Newsletter N°18 - November 2020
In the USA, direct democracy as a medicine against divisiveness
The fate of Donald Trump’s Presidency and the future of America weren’t the only choices confronting voters on November 3rd. Citizens in 32 states cast their vote on 117 statewide ballot propositions. This is the lowest number of statewide propositions the voters faced in the 21st century, due to the immense challenges of collecting signatures amidst COVID quarantines and other related restrictions.
As with every election when the people have the opportunity to make decisions on issues that impact their daily lives, the topics of the ballot questions were far reaching – from animal welfare, drug legalization, labor laws, race and immigration, abortion, to the design of a new flag, statehood, and on the very fate of direct democracy itself.
Proposed laws that would make it more difficult to pass future ballot propositions were on the ballot in Arkansas, Florida, and North Dakota. All three proposals were defeated: an outcome that makes clear the citizens‘ strong belief in the need for direct democracy as a check and balance on government.
However, courts are becoming more active in denying the people’s ability to rightly decide on issues that matter most to them. Using liberal and questionable interpretations of the technical requirements to place issues on the ballot, courts invalidated initiatives because they violated arcane and illogical laws that limit the subject matter of ballot propositions as well as who can collect signatures.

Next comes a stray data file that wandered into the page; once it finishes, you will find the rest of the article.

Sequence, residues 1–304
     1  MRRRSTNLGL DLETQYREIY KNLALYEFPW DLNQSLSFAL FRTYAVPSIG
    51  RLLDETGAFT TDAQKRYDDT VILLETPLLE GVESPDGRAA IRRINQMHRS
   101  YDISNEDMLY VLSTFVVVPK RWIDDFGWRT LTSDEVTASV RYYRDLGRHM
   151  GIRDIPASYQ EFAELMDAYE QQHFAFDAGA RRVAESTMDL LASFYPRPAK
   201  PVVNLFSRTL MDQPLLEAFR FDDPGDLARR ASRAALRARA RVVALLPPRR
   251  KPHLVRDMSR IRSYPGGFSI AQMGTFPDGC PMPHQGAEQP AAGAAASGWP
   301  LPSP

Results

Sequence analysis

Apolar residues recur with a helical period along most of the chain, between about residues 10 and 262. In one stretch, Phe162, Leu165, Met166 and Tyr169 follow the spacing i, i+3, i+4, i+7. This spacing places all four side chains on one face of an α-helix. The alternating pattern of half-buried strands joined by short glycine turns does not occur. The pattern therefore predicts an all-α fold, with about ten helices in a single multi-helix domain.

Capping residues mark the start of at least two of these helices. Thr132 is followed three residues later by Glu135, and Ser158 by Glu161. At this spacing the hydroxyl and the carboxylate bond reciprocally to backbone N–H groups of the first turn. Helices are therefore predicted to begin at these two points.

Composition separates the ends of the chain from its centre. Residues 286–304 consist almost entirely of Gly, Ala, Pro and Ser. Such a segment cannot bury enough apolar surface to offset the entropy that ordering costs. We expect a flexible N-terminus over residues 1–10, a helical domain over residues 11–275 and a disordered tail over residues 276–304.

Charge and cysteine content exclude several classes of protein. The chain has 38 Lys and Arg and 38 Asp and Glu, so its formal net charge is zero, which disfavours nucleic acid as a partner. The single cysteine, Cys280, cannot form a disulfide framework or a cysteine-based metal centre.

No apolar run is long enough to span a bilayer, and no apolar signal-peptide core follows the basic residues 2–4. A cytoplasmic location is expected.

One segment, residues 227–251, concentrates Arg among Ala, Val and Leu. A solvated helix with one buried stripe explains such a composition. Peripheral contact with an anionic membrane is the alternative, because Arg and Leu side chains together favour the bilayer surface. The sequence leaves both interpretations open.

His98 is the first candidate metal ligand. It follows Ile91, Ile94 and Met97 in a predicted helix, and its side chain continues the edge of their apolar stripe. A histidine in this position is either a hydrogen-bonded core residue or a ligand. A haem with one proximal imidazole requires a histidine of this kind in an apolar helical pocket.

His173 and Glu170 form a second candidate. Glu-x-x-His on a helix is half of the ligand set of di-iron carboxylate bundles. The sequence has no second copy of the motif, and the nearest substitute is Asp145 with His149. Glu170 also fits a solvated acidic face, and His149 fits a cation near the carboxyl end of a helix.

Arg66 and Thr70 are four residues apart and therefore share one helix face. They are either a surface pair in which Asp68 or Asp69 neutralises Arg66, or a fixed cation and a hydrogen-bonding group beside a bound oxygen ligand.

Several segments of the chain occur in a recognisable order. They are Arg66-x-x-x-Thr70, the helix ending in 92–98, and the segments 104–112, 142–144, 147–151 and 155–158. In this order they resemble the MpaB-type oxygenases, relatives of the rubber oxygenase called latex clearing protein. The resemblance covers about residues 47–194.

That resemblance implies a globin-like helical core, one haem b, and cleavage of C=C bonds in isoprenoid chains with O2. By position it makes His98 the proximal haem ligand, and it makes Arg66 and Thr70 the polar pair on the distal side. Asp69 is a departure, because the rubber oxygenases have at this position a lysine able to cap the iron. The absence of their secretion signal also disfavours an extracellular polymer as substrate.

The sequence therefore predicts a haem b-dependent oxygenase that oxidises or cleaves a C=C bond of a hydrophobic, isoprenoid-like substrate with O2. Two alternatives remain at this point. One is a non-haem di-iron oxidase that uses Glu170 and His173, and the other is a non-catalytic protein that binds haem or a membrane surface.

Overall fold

This election, like many before it, made clear that direct democracy at the state level in the United States is an important tool of self-governance and a necessary check to limit the power of government. It is also a safety valve that allows the people to vote on controversial issues in a way that will end in peaceful resolution. This is why direct democracy at the federal level is a critical need that must be addressed. Americans need the ability to voice opinions on highly controversial issues collectively as a nation.
If direct democracy at the federal level existed, there is little doubt that the voters would be less likely to vote into office individuals who feed off the divisiveness of an issue and instead put in office those who respect the rule of law and will work to unify rather than divide. Let’s hope that this election is the first step in bringing the critical awareness necessary to give the citizens direct democracy at the federal level, so we no longer put our fate in the emotional aberrations of a single person.
M. Dane Waters,
Board Member, Democracy International